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Vietnam industry/market analysis


Low wages but skilled workforce

Relatively open economy with growth model based on trade
Ongoing shift towards higher value-added sectors
Member of the Trans-Pacific Partnership


Lack of transparency
A fragile and opaque banking system
Infrastructure to be improved
A complicated business environment
High regional disparities in terms of development and rising inequalities
Low external reserves
Recurrent tensions with China

Economy analysis
Vietnam's economy has expanded rapidly since the Communist Party of Vietnam turned
away from the communist economic policies in the 1980s. A sustained growth rate of around
8% for over 15 years shows great progression and has increasingly attract numbers of
foreign investors. Vietnam received over US$20 billion of foreign direct investment in 2007,
and there are almost 1,500 new projects licensed in the same year. Although the economy is
developing at a rapid rate, entry costs for investors are still low, and cheap labor costs
coupled with a young, literate workforce make business investment a very attractive and
lucrative prospect.
The Vietnamese government has shown their commitment to economic liberalization and
international integration. Structural reforms needed to modernize the economy have been
implemented, helping to produce more competitive, export-driven industries. Vietnam joined
the WTO in January 2007. This should give a major boost to Vietnam's export led economy
and should spur on the country's economic liberalizing reforms.
However the recent global recession has hurt Vietnam's export-oriented economy with GDP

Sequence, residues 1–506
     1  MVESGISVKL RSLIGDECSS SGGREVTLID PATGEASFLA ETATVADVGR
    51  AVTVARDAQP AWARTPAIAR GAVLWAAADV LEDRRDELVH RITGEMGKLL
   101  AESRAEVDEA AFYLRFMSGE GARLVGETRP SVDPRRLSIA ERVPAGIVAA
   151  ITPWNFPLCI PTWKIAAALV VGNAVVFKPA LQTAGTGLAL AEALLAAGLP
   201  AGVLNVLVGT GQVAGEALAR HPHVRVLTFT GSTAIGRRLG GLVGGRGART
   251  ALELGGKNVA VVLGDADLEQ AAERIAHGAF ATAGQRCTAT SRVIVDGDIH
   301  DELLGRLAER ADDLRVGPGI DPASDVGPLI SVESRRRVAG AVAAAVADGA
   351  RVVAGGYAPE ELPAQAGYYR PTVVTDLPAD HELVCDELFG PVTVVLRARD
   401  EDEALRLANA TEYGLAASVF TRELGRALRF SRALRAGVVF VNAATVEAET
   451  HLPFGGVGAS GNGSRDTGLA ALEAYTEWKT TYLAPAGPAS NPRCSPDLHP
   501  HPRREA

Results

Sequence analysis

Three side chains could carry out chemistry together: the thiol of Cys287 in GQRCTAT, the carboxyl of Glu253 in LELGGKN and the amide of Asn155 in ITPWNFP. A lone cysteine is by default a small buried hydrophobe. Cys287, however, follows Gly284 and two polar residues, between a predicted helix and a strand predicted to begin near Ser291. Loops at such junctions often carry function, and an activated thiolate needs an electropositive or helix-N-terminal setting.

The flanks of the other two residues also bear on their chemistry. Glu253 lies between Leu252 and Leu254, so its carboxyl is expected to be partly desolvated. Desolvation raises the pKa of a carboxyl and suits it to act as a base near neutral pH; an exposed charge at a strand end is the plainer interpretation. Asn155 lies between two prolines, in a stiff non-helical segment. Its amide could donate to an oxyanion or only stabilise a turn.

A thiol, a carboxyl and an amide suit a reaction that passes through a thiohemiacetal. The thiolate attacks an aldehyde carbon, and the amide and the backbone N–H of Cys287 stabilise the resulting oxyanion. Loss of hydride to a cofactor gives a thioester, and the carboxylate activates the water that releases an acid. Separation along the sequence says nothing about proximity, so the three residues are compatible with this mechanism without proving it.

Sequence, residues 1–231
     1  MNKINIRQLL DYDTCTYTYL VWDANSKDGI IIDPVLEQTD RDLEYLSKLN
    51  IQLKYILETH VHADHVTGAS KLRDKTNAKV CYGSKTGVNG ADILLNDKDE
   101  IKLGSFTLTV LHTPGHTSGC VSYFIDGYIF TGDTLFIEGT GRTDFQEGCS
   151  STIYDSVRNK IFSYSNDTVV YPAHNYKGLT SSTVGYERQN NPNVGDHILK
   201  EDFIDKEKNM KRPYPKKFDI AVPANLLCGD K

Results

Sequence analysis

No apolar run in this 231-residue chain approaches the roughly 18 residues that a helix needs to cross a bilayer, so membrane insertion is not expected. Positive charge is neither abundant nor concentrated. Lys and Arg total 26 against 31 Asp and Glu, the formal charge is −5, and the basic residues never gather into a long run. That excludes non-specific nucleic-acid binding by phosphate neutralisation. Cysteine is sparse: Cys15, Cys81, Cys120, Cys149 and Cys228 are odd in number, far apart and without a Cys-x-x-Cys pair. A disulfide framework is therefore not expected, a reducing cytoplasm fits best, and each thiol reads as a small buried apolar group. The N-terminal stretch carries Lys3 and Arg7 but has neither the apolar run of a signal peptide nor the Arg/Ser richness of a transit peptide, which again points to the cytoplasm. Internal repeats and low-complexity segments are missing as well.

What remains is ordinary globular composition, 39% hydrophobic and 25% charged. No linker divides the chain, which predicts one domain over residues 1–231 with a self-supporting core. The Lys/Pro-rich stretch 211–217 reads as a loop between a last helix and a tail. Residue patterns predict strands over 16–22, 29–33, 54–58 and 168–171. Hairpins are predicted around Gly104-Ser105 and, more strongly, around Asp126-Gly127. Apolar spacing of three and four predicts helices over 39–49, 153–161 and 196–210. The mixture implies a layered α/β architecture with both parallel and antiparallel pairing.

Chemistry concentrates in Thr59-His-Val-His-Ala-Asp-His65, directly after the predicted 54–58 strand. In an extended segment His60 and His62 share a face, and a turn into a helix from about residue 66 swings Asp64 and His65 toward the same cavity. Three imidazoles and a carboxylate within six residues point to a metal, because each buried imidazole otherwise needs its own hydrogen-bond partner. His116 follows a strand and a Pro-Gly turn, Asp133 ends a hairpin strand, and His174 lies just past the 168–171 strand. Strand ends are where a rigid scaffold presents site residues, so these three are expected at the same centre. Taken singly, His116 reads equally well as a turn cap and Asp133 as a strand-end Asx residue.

growing less than the 7% per annum average achieved during the last decade. In 2009
exports fell nearly 10% year-on-year, prompting the government to consider adjustments to
tariffs to limit the trade deficit. The government has used stimulus spending, including a
subsidized lending program, to help the economy through the global financial crisis, and
foreign donors have pledged $8 billion in new development assistance for 2010. Domestic
investment grew 16% while committed foreign direct investment fell 70%, a steep reduction
after 5 years of growth. Nevertheless, the weaker economy, current account deficit, and
subdued foreign investment environment means Vietnam's managed currency, the dong,
faced downward pressure through 2009, leading the government to devalue it by more than
5% in December. Initially from 2003 to 2006 Vietnam GDP real growth rate had gradually
increased, which is 6%, 7.2%, 7.7%, 8.5%, respectively. However until 2009, the growth rate
was fell dramatically from 8.5%(2008) to 6.2%.
Economic Opportunities
Foreign Affairs
At present, Vietnam has established diplomatic relations with 168 countries, and it has
economic and trading relations with about 165 countries. Vietnam joined the United Nations
in 1977.
Vietnam became an official member of the Association of South East Asian Nations (ASEAN)
in 1995, and has concluded a cooperation agreement with the European Community.

Relationships with multi-national financial institutions such as the World Bank (WB), the
International Monetary Fund (IMF) and the Asian Development Bank (ADB) have been reestablished. Viet Nam has been participating in the ASEAN Free Trade Area ("AFTA") since
1996 and became a member of the Asia Pacific Economic Cooperation Forum (APEC) in
1998. Vietnam became an official member of the World Trade Organization (WTO) on 11
January 2007. In January 2008, the country started a two year term as an elected nonpermanent member of the UN Security Council.
Vietnam signed the bilateral trade agreement (BTA) with the United States in 2000. Besides
aspects of international trade, the BTA covers a variety of other areas, including intellectual
property rights, trade in services, development of investment relations, business facilitation
and the obligation to ensure transparency of laws and regulations. The BTA essentially
constitutes a commitment by both countries to open their markets to each other.
Intellectual Property
In recent years, the Government has taken various measures to increase the legal protection
of intellectual property and has created an environment of respect for intellectual property as
compared to other neighboring countries. Intellectual property rights are protected by the
Civil Code (1995 and 2005), the Law on Intellectual Property (2005) and a host of